US coronavirus deaths may reach 200,000: Top scientist

US deaths from coronavirus could reach 200,000 with millions of cases, the government’s top infectious disease expert warned on Sunday as New York, New Orleans, and other major cities said they would soon run out of crucial medical supplies.

Anthony Fauci, director of the National Institute of Allergy and Infectious Diseases, estimated in an interview with CNN that the pandemic could cause between 100,000 and 200,000 deaths in the United States.

But Fauci, a leading member of President Donald Trump’s coronavirus taskforce, quickly added: “I don’t want to be held to that … It’s such a moving target that you can so easily be wrong and mislead people.”

By way of comparison, the flu has killed between 12,000 and 61,000 Americans a year, since 2010, according to the website of the US Centers for Disease Control and Prevention and the 1918-19 flu pandemic killed 675,000 in the US, according to the CDC.

Asked about the persistent shortage of tests for the COVID-19 disease, Fauci struck a slightly more optimistic tone, saying, “If you compare a couple of weeks ago to where we are right now, we have an amazingly larger number of tests than we had.”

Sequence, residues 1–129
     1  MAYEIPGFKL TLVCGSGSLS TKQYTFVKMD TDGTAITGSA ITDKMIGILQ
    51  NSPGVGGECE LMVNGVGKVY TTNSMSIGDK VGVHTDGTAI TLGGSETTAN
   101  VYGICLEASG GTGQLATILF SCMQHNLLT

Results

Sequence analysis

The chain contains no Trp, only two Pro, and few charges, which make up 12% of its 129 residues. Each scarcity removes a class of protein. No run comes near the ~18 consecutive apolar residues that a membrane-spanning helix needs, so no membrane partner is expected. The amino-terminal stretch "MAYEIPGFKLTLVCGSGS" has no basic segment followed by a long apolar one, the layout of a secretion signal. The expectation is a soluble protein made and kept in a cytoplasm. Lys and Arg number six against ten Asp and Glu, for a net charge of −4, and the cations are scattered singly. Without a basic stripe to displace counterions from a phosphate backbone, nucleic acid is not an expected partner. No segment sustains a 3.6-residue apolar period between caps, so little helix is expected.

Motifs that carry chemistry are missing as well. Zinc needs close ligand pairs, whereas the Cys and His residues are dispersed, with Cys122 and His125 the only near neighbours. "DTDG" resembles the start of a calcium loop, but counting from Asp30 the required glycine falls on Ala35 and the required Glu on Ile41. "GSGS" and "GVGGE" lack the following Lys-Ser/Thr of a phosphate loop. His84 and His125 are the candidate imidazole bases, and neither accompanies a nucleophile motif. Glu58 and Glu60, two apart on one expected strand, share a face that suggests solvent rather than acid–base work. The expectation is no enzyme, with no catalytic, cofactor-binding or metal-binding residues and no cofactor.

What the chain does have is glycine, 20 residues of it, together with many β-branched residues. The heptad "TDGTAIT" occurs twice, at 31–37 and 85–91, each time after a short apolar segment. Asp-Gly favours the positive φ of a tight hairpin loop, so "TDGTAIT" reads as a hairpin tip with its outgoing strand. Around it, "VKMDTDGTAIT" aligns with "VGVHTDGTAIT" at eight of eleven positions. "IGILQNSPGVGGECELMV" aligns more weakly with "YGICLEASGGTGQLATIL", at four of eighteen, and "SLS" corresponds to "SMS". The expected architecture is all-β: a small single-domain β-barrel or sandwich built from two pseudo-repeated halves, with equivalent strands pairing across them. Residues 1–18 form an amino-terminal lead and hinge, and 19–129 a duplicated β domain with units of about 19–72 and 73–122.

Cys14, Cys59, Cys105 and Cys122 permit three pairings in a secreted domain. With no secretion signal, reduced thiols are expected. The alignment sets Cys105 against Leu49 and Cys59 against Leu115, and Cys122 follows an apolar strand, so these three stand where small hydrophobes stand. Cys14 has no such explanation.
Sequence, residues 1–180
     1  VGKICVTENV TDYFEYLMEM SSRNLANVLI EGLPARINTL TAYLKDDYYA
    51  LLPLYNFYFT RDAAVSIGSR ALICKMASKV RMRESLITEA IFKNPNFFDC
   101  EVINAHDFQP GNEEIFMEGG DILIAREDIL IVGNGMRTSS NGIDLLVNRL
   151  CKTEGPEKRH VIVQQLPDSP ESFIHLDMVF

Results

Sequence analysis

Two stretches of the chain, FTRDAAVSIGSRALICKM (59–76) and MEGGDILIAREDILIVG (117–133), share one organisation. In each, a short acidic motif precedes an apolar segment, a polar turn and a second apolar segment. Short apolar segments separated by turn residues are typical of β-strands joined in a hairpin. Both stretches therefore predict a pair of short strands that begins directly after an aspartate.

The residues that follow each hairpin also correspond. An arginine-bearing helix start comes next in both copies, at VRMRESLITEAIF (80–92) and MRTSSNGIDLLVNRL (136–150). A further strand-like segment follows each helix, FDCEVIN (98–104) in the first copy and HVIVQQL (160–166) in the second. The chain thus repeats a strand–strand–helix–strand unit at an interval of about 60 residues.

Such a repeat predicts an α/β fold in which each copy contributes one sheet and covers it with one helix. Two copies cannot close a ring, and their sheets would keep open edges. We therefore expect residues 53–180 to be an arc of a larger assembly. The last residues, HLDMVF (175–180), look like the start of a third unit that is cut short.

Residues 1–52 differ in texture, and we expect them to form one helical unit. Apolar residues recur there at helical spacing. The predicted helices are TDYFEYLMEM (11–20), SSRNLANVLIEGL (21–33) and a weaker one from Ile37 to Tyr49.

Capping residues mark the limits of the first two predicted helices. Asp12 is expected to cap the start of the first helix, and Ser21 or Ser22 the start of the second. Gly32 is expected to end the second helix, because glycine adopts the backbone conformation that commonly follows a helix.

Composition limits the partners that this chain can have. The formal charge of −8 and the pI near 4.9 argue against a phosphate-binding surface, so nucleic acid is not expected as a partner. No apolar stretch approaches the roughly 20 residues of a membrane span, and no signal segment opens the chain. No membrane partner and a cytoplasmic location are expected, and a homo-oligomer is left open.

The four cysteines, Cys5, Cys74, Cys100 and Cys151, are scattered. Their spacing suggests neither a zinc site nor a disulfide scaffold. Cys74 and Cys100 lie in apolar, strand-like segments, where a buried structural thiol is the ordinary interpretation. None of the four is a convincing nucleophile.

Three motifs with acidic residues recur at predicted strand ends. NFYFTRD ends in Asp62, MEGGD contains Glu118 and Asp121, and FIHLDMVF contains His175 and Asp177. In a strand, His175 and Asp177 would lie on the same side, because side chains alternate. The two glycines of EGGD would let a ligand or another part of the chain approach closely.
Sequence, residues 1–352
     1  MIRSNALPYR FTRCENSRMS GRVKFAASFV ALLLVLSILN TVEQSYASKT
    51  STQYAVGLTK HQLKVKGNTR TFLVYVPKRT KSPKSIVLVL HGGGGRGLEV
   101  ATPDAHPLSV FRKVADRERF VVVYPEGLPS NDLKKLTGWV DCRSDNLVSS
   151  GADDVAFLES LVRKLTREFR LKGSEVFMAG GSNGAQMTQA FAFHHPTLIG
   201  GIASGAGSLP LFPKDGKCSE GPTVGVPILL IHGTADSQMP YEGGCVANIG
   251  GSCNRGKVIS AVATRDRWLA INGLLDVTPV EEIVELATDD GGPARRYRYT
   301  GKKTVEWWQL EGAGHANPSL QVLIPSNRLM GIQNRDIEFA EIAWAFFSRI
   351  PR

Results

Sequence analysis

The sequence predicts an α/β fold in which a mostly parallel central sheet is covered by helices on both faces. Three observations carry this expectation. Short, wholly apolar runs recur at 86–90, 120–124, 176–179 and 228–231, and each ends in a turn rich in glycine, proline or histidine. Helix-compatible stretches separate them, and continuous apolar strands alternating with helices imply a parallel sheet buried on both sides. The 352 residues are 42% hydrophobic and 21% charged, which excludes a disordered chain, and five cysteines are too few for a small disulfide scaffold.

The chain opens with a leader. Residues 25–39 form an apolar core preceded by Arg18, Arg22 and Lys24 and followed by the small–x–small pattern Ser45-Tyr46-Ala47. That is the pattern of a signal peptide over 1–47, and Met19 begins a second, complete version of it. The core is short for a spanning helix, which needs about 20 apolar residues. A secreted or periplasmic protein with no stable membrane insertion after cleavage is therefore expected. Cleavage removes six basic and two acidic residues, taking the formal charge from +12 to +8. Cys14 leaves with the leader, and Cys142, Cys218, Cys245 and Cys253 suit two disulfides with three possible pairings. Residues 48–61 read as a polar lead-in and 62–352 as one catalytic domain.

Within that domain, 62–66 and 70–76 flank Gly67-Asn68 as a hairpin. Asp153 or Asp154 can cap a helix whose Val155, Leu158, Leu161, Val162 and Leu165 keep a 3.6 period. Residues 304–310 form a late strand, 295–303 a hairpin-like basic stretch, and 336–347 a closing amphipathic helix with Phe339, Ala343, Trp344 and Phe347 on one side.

Asked how soon the wider availability of testing might allow a lifting of travel and work restrictions, Fauci said, “It’s going to be a matter of weeks. It’s not going to be tomorrow and it’s certainly not going to be next week. It’s going to be a little bit more than that.”
Ventilator shortages

The US coronavirus death toll topped 2,300 on Sunday, after deaths on Saturday more than doubled from the level two days prior. The United States has now recorded more than 130,000 cases, the most of any country in the world.

New York state – the hardest hit in the US – reported nearly 60,000 cases and a total of 965 deaths on Sunday, up 237 in the past 24 hours with one person dying in the state every six minutes. The number of patients hospitalised is slowing, doubling every six days instead of every four, Governor Andrew Cuomo said.

Dr Craig Smith, who heads the surgery department at New York-Presbyterian/Columbia University Medical Center, said the hospital will probably be forced into “apocalyptic scenarios” in the coming weeks, in which ventilators and intensive care unit beds will need to be rationed.

New York City will need hundreds more ventilators in a few days and more masks, gowns and other supplies by April 5, Mayor Bill de Blasio said on Sunday.

New Orleans will run out of ventilators around April 4 and officials in Louisiana still do not know whether they will receive any ventilators from the national stockpile, the governor said.

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